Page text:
Coronavirus vaccinations in Scotland will start as soon as supplies arrive, Nicola Sturgeon has said.
The UK has become the first country in the world to approve the Covid-19 vaccine from Pfizer and BioNTech, paving the way for it to start being administered.
The jab has been shown in studies to be 95% effective and works in all age groups.
The UK has ordered 40 million doses of the vaccine, enough to vaccinate 20 million people, with about 10 million doses expected to be available for use in the UK shortly for priority groups, including healthcare workers.
Around 800,000 doses of the vaccine are expected to be available in the UK next week, with Scotland getting a population share.
Sturgeon said the vaccine’s approval was “the best news in a long time” and said the Scottish Government was “ready to start vaccinations as soon as supplies arrive”.
Care home residents and staff and health workers will be among the first to receive the vaccine, followed by over 65s and the most vulnerable people.
The Scottish Conservatives called for an urgent parliamentary statement on plans to roll out the vaccine.
Shadow health spokesman Donald Cameron said: “There is no room for error in the delivery of this potentially game-changing vaccine that could allow us to get back to some degree of normality sooner than expected.”
Scotland’s chief medical officer Dr Gregor Smith said the approval from the Medicines and Healthcare products Regulatory Agency (MHRA) was “wonderful news”.
He said on Twitter that it is just the first of several vaccines in the pipeline, and its approval “begins to change everything for our future”.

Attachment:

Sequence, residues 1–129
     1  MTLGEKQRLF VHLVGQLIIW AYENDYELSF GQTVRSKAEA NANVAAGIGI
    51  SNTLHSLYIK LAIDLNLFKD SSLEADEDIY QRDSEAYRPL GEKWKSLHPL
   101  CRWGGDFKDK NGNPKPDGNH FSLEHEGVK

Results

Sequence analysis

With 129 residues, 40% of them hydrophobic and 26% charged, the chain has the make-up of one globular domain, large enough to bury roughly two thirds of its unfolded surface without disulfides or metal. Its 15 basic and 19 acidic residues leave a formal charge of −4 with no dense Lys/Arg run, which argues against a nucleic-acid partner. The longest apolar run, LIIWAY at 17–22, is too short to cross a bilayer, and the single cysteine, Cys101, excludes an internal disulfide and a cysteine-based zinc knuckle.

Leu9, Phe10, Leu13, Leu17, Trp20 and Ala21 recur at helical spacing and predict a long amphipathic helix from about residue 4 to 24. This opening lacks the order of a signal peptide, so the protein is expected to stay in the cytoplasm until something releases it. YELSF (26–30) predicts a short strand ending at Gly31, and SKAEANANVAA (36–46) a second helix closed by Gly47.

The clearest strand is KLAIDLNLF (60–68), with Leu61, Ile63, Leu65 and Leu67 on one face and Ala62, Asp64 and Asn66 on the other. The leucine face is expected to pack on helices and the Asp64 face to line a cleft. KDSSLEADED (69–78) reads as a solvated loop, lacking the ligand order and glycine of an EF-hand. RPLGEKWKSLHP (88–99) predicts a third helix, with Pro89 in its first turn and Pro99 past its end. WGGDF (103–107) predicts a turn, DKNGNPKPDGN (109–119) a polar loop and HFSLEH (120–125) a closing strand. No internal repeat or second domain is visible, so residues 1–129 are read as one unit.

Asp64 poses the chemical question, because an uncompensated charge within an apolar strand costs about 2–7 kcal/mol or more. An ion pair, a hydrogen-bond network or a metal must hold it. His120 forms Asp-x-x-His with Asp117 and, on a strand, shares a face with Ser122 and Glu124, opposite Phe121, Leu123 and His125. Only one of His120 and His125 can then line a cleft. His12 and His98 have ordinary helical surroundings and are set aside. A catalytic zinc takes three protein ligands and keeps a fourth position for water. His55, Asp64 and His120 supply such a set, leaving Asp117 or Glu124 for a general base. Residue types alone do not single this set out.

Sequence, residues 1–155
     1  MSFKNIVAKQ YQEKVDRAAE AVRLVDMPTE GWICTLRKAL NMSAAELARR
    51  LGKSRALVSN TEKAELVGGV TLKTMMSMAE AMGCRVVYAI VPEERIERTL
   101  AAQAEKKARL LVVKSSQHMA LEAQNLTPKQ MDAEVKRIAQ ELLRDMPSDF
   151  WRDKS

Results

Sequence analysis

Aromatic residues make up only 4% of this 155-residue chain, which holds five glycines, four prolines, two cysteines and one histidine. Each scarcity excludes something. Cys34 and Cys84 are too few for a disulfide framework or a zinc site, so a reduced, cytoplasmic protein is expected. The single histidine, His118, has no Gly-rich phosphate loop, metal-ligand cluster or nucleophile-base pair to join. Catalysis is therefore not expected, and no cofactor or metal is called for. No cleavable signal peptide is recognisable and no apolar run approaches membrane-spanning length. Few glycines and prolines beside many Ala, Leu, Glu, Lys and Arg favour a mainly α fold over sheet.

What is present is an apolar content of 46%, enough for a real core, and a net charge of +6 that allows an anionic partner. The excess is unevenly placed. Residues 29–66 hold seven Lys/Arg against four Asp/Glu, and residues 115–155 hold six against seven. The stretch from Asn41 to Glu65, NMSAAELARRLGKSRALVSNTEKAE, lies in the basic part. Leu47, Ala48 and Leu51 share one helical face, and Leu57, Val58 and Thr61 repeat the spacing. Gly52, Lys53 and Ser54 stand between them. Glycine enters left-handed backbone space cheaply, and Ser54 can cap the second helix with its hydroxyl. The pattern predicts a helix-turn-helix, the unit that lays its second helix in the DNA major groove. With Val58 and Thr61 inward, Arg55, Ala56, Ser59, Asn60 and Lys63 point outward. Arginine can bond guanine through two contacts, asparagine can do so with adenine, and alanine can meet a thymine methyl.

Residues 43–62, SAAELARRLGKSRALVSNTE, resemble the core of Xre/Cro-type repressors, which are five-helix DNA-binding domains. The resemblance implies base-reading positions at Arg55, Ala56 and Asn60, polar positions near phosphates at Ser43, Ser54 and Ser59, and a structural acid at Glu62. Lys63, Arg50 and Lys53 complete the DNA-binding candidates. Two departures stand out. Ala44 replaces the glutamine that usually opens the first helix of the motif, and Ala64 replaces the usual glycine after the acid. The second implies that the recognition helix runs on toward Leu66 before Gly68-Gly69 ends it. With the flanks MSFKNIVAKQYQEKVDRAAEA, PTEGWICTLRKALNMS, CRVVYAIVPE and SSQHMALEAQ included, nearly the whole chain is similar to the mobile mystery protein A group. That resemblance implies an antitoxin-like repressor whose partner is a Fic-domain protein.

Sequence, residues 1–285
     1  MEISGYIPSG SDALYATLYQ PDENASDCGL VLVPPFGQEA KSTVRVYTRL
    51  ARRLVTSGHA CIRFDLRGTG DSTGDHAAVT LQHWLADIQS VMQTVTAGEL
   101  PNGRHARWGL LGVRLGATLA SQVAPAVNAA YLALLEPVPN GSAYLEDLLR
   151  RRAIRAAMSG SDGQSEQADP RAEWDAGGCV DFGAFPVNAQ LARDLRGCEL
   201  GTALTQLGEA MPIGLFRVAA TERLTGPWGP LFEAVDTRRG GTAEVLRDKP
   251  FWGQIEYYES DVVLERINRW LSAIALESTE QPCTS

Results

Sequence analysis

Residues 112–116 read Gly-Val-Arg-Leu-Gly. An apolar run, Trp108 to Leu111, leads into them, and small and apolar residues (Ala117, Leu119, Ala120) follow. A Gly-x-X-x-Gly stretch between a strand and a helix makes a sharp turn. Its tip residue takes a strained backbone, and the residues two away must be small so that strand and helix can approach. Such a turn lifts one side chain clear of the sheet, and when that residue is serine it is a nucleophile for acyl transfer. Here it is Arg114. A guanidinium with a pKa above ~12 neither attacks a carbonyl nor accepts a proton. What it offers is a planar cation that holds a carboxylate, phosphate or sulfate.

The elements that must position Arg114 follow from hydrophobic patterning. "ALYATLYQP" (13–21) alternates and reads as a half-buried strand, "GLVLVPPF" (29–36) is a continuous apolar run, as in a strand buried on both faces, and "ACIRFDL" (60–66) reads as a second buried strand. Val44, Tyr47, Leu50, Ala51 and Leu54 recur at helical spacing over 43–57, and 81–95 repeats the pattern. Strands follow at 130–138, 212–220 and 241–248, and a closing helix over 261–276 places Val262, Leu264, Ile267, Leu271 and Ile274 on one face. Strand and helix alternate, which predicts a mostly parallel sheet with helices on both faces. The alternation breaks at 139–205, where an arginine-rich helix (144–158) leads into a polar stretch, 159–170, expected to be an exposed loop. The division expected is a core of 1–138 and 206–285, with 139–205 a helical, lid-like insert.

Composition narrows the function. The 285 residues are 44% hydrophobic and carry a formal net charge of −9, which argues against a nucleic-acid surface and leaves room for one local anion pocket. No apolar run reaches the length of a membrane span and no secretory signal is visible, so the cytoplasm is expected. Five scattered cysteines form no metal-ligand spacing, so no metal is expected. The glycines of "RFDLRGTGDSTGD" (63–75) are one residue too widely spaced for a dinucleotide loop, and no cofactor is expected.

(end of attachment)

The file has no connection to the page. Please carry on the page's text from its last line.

National clinical director Professor Jason Leitch tweeted that “science, collaboration and logistics has got us to this day”.
He added: “It’s a very important moment. There will be months of roll out until normality but it’s a crucial step. Thanks to all.”
Approval of the vaccine comes nine months after coronavirus arrived in Scotland, forcing the country into lockdown and leading to restrictions being imposed on people’s lives and businesses to help control the spread.
Public health expert Professor Linda Bauld said she is “delighted” but warned of a “major logistical exercise” to roll out the vaccine.
Prof Bauld told BBC Radio Scotland: “After hearing the results of these four vaccines we have early preliminary results for, then just waiting for the regulators to act, and the MHRA has been looking at data on the Pfizer vaccine for some time, now they are able to approve that for use and we have done that incredibly quickly.
“It’s really encouraging news.”
She said as many as 4.4 million people in Scotland could be vaccinated, adding that the Scottish Government hopes to vaccinate at least one million by the end of January.
She said: “Other vaccines will get approval now, I would be pretty confident the AstraZeneca/Oxford one will as well, so Pfizer will not be the only show on the road, if that makes sense.
“But I would imagine we will see things gearing up very quickly in the next few days.”
Speaking about when life could become more normal, she added: “I would be very optimistic that by the spring there will be much more we can do.
“It’s going to take some months though to get this to everybody and we need to keep that in mind.”